How Gurugram’s dirty drain became clean & green

How Gurugram’s dirty drain became clean & green
Children walk home on the newly constructed walkway (Photo by Nandini Bishnoi)
Sometimes when you walk across a small bridge in the middle of the city, there is this stench that follows you. What is this stench? Where is it coming from? What is underneath the bridge? Usually there’s a “nala”, a drain that was probably built to carry rain water outside the city, but is now filled with garbage and filth.

But there is an exception, which is the Badshahpur Drain in Gurugram. It used to be filled with muck and was an eyesore. Today, the people of Gurugram have turned a drain into an eco-friendly zone, green zone, with no stench or garbage ruining the area.

It was an eyesore!

The Badshahpur Drain is a 28 km long and 30-40 meter wide and was the cause of many problems in the city. It cut across entire Gurugram and meets the Najafgarh drain in Delhi. The Badshahpur Drain is a storm water drain that was built 50-70 years ago. The water in the drain comes from the Aravali Hills. It was built to prevent floods.

There was so much garbage in the drain that it did not allow water to flow through it causing water logging problems. In July 2017, the Haryana Urban Development Association (HUDA) decided that it was going to rehabilitate the drain.


HUDA along with NGO ‘I Am Gurugram’, which was backed by corporate funding and the Municipal Corporation of Gurugram (MCG,) had planned to clean a 5.2 km stretch of the drain and turn it into an eco-friendly zone.

Clearing 180 trucks of garbage!

The first step was to take the plastic out of the drain. “It was a difficult task as the plastic had been lying there for 25 years,” said Latika Thakur, Chief of ‘I am Gurugram’ an NGO which works for the greenery of the city. “An astonishing 180 trucks worth of garbage was taken out from the drain,” Latika said. Considering that the average truck can carry up to 5.5 lakh pounds filth, a grand total of over 10 lakh pounds of garbage was taken out of the drain.

“The cycle track constructed beside the drain will be very useful to many people as it cut across the city, providing short and safe route for pedestrians to travel. It will be very useful for walking and for school going children,” said Nandini Bishnoi a visitor to the eco-friendly park.

Building a green zone

After the garbage was taken out it was time for HUDA to utilize the recently cleaned area around the drain that was lying useless. HUDA along with MCG started building a cycle track and pedestrian walking path along the drain. “We have finished constructing 2.2 km of the cycle path and plan to extend it to 5.5 km,” Latika said. They have also planted trees all around the drain to make the area eco-friendly. And what’s more they used the malba from construction sites nearby to Nearly 10,000 saplings have been planted around the drain.


“I could not believe that is was a nala, now there is hardly any garbage in it. I appreciate the efforts of Latika and her team, they have done a fantastic job,” said Daksh Gogia who had recently visited Badshahpur Drain for the first time.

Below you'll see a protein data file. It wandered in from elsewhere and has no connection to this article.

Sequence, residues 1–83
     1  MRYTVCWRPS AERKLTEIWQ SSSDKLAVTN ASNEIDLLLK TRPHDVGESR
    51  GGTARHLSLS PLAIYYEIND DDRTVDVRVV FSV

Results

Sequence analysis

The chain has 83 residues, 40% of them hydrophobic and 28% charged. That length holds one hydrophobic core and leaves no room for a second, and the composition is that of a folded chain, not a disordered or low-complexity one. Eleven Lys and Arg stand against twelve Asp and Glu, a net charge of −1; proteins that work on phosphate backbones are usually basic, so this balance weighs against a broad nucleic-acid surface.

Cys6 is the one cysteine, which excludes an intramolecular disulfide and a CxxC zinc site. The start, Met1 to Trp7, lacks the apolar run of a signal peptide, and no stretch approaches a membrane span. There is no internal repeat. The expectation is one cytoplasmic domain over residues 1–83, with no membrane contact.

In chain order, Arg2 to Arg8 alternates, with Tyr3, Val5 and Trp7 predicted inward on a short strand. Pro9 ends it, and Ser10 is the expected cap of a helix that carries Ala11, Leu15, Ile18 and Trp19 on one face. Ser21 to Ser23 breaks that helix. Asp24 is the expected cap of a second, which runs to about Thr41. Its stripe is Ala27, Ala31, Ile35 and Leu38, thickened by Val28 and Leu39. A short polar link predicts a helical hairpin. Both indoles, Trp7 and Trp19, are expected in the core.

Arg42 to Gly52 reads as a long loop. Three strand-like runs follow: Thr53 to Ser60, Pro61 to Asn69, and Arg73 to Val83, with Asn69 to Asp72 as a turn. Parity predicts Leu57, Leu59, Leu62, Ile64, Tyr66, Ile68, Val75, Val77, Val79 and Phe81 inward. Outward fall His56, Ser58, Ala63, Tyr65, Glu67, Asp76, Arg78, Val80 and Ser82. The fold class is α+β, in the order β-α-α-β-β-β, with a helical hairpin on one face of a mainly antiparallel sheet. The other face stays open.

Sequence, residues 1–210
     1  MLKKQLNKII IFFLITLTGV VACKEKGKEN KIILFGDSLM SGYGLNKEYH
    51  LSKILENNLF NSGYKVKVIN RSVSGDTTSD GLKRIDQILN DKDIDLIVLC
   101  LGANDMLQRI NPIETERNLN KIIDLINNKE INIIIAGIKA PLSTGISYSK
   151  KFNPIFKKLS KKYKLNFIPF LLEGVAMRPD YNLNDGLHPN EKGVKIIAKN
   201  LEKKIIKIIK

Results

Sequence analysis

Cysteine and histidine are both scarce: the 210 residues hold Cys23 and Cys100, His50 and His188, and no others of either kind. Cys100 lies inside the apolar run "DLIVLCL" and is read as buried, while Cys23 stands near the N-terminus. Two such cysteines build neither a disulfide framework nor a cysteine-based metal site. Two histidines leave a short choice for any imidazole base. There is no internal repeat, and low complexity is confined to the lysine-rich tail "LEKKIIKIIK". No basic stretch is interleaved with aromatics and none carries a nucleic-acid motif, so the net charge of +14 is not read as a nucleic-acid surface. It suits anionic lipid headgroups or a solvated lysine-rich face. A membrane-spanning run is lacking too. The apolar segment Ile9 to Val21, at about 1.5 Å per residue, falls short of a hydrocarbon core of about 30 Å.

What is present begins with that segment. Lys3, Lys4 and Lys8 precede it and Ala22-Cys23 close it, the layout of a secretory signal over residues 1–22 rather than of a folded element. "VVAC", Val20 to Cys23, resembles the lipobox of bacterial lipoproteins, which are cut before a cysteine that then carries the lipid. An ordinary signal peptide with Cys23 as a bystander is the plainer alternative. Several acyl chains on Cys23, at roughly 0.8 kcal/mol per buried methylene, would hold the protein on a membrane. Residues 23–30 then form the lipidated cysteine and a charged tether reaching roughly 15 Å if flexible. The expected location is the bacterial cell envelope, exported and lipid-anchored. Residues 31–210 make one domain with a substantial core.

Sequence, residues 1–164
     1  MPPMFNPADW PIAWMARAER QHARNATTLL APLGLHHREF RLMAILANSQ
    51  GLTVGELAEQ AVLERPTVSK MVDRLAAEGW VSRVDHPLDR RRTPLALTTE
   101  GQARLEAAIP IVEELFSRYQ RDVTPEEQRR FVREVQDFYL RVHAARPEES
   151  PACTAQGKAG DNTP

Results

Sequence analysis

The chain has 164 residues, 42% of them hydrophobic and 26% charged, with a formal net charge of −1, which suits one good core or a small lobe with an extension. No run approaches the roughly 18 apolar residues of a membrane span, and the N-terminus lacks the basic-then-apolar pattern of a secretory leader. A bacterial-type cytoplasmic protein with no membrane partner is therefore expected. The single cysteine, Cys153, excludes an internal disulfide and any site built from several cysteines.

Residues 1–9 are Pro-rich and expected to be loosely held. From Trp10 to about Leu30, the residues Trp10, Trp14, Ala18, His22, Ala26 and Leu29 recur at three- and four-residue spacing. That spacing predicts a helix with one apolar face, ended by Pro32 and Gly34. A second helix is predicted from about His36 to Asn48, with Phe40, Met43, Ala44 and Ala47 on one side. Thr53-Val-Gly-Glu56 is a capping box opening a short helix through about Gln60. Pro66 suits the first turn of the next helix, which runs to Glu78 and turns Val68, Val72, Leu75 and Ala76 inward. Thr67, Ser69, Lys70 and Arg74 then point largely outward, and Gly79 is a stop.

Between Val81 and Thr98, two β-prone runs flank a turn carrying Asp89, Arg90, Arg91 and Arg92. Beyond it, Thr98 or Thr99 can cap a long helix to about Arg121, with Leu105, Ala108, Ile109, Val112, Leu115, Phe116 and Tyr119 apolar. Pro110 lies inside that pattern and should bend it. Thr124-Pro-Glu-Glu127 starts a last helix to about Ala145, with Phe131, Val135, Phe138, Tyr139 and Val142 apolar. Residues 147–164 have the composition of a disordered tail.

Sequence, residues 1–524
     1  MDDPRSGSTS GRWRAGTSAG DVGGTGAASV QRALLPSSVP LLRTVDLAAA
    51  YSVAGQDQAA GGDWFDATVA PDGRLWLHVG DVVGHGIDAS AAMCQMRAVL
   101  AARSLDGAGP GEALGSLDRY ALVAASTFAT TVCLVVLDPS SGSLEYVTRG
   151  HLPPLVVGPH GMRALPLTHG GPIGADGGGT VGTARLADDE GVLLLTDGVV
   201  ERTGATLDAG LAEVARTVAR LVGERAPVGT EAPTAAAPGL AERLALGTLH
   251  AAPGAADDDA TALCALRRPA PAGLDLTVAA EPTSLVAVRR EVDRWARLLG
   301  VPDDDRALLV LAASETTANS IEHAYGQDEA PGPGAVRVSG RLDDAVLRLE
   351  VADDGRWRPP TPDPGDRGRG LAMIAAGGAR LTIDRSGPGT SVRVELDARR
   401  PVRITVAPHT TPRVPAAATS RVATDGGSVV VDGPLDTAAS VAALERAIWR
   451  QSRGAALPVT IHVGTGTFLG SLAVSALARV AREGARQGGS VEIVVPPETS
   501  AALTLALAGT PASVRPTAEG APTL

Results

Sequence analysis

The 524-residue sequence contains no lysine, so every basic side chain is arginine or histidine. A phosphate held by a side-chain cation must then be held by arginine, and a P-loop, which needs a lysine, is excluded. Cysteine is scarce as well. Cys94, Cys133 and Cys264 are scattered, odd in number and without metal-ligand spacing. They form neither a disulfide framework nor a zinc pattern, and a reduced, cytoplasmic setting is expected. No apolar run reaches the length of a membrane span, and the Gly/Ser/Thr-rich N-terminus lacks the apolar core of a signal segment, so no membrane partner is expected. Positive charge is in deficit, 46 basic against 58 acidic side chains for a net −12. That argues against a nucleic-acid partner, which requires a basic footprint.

Drains are scattered all over India, spreading the same stench. Some of these drains used to be rivers but now they have turned into stinking drains because of continuous onslaught of garbage by the public and the government. A clear example of this is the Najafgarh Drain in Delhi& NCR that used to be Sahibi River but was turned into a drain because of continuous sewage dumping by the residents of Gurugram and Delhi. The drain accounts for 30 per cent of sewage found in the Delhi.

An example to follow

The major problem with these drains is that they are located in the heart of Delhi, causing the whole area to stink. Due to extensive garbage dumping these drains have become breeding grounds for mosquitoes, and harbor other such disease-causing vectors.

The government woke up from hibernation and has been trying to clean these drains for many years. There is so much garbage dumped in the nalas that a literal mountain can be formed .However, it is not an impossible task as Gurugram has proved.

Going Green

“The newly constructed cycle track is made out to reused road construction material thereby sharply decreasing the cost of the construction,” Latika said. The entire fencing of the drain has been done by the MCG. Children have started to use the cycle track to go the school, its gates are constructed in such a way that no motorcycle can pass through it, making it safe for children. The pedestrian path has a special surface that makes it possible for blind people to walk on it without losing their way.

The cleaning of the drain is a noble gesture but there are some retractors of it. Some people are still dumping garbage in the drain while those who have illegally encroached on the drain refuse to let go. “The cycle path is facing some vandalism issues, where people are breaking gates and stealing overhead lights. However, all these are minor inconveniences towards a greater goal,” Latika said.

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